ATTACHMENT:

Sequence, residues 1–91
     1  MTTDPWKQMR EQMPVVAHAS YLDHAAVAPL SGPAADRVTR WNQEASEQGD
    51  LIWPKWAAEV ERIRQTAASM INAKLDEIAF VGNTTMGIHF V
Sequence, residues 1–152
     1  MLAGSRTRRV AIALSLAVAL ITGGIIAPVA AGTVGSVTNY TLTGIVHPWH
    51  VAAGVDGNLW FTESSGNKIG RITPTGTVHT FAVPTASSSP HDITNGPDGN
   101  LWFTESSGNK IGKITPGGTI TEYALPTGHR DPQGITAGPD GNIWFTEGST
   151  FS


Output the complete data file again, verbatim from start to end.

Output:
Sequence, residues 1–91
     1  MTTDPWKQMR EQMPVVAHAS YLDHAAVAPL SGPAADRVTR WNQEASEQGD
    51  LIWPKWAAEV ERIRQTAASM INAKLDEIAF VGNTTMGIHF V
Sequence, residues 1–152
     1  MLAGSRTRRV AIALSLAVAL ITGGIIAPVA AGTVGSVTNY TLTGIVHPWH
    51  VAAGVDGNLW FTESSGNKIG RITPTGTVHT FAVPTASSSP HDITNGPDGN
   101  LWFTESSGNK IGKITPGGTI TEYALPTGHR DPQGITAGPD GNIWFTEGST
   151  FS